All Hazards, One Health, One Nature Framework
Co-Authors: Allison A. Sakara, NP, MSN, RN, PHRN, and Maurice A. Ramirez, DO, PhD
“Look deep into nature, and then you will understand everything better.” – Albert Einstein
“New frameworks are like climbing a mountain, the larger view encompasses rather than rejects the more restricted view.” – Albert Einstein
Understanding and safeguarding the interconnectedness of our incredibly diverse planetary ecosystem is the foundation for the All Hazards, One Health, One Nature (AHOHN) Framework. From this unifying structure, goal-oriented and data-driven plans of action can be developed consistently and predictably, regardless of the nature of the hazard. The AHOHN Framework provides a shared template to meet the challenges of all hazards for the benefit of the entire One Nature, which includes the following outcomes:
- Address all threats, from local to global
- Strengthen health security
- Mitigate health disparities
- Emphasize preventive health measures, animal welfare, and environmental protection
- Promote coordination across all stakeholders
- Develop and implement effective policies
- Ensure the health and well-being of all living things
The phrase “All Hazards, One Health, One Nature” is a call to acknowledge and appreciate the interdependence of all creatures and habitats. By protecting and preserving the animals and plants that surround us, we are protecting and preserving ourselves. The concept of AHOHN emphasizes the need to address the challenges of health, nature, and medicine in an integrated, wholistic manner. To that end, the AHOHN Framework combines the four concepts critical to global health security into one approach. This article aims to define each of these constructs – All Hazards, One Health, One Nature, and One Framework.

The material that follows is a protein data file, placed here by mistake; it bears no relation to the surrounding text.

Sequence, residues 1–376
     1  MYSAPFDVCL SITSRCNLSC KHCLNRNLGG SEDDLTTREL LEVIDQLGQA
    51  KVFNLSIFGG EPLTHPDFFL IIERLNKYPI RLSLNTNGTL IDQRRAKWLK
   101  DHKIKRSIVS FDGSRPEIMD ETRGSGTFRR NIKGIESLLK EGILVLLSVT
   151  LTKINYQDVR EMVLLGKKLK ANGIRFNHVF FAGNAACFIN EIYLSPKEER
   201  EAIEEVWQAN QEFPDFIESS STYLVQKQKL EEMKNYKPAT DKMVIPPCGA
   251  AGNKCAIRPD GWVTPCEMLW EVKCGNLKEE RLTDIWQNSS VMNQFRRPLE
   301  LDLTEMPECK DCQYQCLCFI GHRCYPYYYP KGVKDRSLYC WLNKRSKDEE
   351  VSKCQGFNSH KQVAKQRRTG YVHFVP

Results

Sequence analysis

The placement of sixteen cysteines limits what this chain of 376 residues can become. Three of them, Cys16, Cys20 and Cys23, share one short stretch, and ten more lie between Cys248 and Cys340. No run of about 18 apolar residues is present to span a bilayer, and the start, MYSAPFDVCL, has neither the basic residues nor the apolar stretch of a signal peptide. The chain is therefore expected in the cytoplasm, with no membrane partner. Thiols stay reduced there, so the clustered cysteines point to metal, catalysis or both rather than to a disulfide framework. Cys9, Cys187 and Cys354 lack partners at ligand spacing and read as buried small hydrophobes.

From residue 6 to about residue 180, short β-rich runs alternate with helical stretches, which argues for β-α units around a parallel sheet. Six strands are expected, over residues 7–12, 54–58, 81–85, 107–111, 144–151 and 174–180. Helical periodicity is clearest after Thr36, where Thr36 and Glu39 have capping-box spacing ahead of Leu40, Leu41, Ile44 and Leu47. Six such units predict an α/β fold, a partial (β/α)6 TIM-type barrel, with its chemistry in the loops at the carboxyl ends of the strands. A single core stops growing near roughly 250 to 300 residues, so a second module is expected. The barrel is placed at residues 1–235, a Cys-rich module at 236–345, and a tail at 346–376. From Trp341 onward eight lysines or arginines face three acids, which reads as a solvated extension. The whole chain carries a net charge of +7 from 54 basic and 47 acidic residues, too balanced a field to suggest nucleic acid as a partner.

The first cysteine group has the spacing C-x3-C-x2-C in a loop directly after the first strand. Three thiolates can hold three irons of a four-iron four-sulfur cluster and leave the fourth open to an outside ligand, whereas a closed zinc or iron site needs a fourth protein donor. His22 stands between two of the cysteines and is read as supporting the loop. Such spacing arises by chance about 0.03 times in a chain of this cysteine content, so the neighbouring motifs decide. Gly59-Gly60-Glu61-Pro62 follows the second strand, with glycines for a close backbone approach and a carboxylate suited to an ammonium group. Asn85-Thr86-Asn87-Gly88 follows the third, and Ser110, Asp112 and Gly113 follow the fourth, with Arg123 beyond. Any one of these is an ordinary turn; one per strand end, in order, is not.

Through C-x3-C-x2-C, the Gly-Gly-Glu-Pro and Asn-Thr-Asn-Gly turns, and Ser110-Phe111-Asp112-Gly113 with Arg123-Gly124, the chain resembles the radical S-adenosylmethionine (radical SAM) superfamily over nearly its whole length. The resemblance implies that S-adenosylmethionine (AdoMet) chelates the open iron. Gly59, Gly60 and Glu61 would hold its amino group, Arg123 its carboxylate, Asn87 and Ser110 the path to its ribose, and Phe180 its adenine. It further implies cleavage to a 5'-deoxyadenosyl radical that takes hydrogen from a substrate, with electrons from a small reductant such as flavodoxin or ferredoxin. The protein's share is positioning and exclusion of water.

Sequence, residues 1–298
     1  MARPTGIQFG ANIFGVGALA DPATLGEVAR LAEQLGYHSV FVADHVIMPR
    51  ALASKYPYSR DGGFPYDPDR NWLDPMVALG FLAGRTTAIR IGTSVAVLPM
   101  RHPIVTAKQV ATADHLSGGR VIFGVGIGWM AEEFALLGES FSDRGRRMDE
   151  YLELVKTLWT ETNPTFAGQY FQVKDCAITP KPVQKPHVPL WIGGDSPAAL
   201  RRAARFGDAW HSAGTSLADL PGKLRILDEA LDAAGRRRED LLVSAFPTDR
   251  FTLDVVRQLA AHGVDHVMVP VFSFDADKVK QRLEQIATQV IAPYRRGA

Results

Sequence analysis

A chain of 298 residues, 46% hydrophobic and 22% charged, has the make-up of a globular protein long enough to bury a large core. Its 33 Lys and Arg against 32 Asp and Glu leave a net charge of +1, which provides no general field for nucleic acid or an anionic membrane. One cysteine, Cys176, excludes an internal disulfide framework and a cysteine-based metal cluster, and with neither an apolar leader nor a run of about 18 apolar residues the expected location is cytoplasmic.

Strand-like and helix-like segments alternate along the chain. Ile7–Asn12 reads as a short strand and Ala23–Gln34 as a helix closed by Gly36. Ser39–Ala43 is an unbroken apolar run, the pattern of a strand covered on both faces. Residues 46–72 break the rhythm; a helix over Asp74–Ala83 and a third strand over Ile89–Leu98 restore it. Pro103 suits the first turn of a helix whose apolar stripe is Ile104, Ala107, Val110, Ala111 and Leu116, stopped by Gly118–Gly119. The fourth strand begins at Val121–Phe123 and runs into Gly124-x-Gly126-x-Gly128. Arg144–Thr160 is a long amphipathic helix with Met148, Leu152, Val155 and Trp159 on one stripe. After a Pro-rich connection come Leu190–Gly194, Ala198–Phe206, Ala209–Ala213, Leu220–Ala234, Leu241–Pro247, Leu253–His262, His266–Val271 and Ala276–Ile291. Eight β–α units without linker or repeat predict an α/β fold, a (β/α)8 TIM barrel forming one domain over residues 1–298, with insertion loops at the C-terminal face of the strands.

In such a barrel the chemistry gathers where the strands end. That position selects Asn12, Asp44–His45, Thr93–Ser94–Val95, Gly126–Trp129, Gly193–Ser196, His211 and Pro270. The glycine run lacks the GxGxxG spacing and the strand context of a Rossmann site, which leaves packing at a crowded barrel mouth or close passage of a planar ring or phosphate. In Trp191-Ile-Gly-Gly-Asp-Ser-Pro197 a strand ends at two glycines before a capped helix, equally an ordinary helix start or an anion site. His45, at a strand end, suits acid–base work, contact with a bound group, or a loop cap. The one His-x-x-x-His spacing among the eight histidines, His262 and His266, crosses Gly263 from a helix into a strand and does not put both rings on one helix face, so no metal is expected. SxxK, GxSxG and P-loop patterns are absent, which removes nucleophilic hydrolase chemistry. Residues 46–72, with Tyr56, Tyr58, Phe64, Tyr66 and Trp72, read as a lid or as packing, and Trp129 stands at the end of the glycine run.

“All Hazards” is a term used to describe a broad range of potential threats or dangers that could have a significant disruptive impact. Such hazards include natural disasters, disease, accidents, terrorist attacks, and cyber threats. All Hazards emphasizes the need for comprehensive risk management and preparedness planning. Regardless of the underlying cause, the All Hazards paradigm advocates for a unified response to any disaster or emergency. The methods, practices, procedures, and protocols that create a pathway for action are the same. The “All Hazards” is a reminder that every hazardous situation – from floods, to droughts, to wildfires, to hurricanes, to terrorism, to disease, to crime – interrupts the normal. This results in immediate needs exceeding available resources.
“One Health” refers to an interdisciplinary approach to healthcare that focuses on the relationship that exists and connects all living things. This model aims to address the interdependence of human, animal, and environmental health to promote well-being for all. What impacts the health of one species will impact many species, positively or negatively, magnifying the consequences of practices and policies. Sometimes referred to as “One Medicine,” this concept also emphasizes the importance of understanding the links between humans, animals, and their environment to prevent, diagnose, and treat disease effectively.